Because highway construction methods remain the same, most of the construction problems being encountered are related to materials.
These problems are not major obstacles, and they are being addressed on a case-by-case basis.
Therefore, converting the highway industry to the SI system will enable its many consultants, contractors, materials suppliers, and equipment manufacturers to compete more readily in the global marketplace.
[image-62]Public Law 94-168, §2 requires use of the International System of Units for measurement in U. Government programs, "except where impractical." That requirement is reflected in NASA policy, NPD 7120.4. The Metric Program Office at the National Institute for Standards and Technology (NIST) serves as the official coordinator for SI transition programs across the Federal government.
That measurement system, formally known as the "SI" system," after its name in French, , is almost universally used by all countries except the United States. is increasing, aerospace is recognized as one area where adoption will be difficult, due to the long-standing use of the U. Nevertheless, space programs do make significant use of SI, particularly for science measurement, and increasingly for hardware and operations, particularly as international cooperation in space increases.
Many local agencies rely on the state DOT's standard plans and specifications in developing their own projects.
These agencies will be forced to either use metric units, develop their own design aids, or use outdated standards when the state stops maintaining inch-pound standard plans and specifications.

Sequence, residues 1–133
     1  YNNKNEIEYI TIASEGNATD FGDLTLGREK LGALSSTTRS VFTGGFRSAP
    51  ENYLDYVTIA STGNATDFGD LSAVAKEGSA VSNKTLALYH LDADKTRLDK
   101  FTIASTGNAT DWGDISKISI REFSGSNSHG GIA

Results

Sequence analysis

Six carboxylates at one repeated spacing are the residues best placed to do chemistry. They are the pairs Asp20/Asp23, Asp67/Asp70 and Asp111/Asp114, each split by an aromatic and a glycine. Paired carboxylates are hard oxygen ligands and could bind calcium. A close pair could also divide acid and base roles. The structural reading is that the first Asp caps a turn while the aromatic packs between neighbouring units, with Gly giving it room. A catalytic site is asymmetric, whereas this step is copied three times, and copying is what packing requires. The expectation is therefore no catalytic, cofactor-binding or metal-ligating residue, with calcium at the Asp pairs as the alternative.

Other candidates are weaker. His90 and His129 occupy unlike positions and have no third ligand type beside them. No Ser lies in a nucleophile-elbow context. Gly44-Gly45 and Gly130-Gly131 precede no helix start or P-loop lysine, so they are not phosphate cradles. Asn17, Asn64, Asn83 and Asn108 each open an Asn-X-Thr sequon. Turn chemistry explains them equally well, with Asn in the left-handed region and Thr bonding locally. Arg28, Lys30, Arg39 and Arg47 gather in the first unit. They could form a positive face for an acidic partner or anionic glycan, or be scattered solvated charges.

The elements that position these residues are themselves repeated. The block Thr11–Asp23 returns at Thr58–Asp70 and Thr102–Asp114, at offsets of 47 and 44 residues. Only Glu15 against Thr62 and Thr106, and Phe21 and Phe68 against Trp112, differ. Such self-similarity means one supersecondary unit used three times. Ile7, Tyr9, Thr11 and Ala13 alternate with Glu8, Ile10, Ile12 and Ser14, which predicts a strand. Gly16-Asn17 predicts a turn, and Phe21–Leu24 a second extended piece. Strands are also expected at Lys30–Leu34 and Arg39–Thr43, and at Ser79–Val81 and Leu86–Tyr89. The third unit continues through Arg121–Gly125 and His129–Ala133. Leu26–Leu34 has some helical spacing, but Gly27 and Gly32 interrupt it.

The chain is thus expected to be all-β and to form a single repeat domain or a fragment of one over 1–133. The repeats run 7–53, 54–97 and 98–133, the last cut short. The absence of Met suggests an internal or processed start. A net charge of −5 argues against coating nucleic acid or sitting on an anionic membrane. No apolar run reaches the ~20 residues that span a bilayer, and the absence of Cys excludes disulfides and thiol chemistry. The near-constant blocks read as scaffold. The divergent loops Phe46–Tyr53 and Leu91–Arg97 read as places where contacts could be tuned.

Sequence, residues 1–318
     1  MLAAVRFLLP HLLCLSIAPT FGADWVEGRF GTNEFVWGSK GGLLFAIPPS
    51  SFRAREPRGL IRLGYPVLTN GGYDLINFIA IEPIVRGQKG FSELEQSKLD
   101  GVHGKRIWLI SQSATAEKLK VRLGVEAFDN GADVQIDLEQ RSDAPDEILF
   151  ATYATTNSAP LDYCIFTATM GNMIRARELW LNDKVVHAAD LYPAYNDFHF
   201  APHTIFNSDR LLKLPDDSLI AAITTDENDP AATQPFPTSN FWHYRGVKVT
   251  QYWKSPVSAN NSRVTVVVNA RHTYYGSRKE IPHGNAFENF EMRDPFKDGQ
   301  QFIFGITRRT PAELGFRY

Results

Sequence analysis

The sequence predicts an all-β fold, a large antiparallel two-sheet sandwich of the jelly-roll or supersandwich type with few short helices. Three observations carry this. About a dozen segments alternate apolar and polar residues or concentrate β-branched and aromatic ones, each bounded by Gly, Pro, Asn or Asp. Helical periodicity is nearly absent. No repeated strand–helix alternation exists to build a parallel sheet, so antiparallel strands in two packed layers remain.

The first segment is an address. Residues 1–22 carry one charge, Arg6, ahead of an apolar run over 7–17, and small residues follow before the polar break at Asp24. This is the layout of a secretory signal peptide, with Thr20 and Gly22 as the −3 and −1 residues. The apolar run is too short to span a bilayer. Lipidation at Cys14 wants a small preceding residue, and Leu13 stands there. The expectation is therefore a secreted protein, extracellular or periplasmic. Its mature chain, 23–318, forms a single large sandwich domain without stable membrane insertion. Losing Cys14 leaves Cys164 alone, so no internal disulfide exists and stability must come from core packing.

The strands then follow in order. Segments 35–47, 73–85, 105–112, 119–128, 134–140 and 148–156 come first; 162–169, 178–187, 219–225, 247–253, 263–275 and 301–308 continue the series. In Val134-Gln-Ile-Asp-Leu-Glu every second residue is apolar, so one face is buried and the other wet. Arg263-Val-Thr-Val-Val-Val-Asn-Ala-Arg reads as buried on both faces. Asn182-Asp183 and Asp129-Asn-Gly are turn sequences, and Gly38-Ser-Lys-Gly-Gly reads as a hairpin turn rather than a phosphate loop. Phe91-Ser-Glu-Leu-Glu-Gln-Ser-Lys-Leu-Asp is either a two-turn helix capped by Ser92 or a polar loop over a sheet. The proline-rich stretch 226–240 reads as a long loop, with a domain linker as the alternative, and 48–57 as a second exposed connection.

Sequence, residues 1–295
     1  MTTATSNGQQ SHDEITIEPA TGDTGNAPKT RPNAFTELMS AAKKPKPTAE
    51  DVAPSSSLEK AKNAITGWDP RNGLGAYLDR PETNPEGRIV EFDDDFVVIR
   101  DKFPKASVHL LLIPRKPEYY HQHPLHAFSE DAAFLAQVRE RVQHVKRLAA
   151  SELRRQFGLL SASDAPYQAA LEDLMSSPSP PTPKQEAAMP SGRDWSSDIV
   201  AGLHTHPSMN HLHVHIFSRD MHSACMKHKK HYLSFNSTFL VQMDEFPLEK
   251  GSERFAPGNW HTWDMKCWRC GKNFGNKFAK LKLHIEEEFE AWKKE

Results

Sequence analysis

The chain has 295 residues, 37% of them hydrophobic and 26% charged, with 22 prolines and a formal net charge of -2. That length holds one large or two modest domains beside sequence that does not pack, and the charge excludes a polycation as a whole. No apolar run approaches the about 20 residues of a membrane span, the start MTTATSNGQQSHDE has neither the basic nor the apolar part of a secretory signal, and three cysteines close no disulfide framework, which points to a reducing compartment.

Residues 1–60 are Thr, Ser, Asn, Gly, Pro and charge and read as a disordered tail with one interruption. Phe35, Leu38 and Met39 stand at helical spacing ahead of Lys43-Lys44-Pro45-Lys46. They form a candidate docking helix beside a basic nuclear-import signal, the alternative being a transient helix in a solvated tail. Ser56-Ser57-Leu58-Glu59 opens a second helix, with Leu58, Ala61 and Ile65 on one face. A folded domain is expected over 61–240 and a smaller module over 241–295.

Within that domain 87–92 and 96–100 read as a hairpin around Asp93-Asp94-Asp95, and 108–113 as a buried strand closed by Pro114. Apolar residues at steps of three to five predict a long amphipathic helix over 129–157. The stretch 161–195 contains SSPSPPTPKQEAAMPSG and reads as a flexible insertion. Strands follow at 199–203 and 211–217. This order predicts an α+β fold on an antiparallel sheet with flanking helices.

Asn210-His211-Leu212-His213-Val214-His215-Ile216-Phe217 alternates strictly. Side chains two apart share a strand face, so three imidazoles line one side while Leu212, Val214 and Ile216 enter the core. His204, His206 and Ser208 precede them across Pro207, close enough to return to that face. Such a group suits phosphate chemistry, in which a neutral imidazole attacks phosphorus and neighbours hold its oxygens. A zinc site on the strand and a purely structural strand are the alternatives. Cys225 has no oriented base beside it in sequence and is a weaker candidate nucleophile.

Operating in a dual-unit environment is inefficient and increases the probability of error because people constantly translate between measurement systems.
Therefore, several state DOTs have converted their entire organization to the metric system of measurements.The effect on local highway agencies will vary from state to state.Some states set metric deadlines for their local agencies, but most states only encourage their local agencies to submit local projects in metric units.In carrying out the plan, the state DOTs, AASHTO, and FHWA have sought to accommodate the general public because there is no national mandate for the general public or industry to convert.Therefore, documents written for individual citizens (right-of-way documents) or available for public review (environmental documents, permit applications) are prepared in dual units unless a state DOT made the decision to use only metric units.The Federal Highway Administration (FHWA) Metric Conversion Plan was approved on Oct. The original plan required the state DOTs to convert by Sept. The National Highway System (NHS) Designation Act of 1995 revised the date to Oct. In the Transportation Equity Act for the 21st Century (TEA-21), which became law in June 1998, Congress removed the deadline entirely, making metric conversion optional for state DOTs.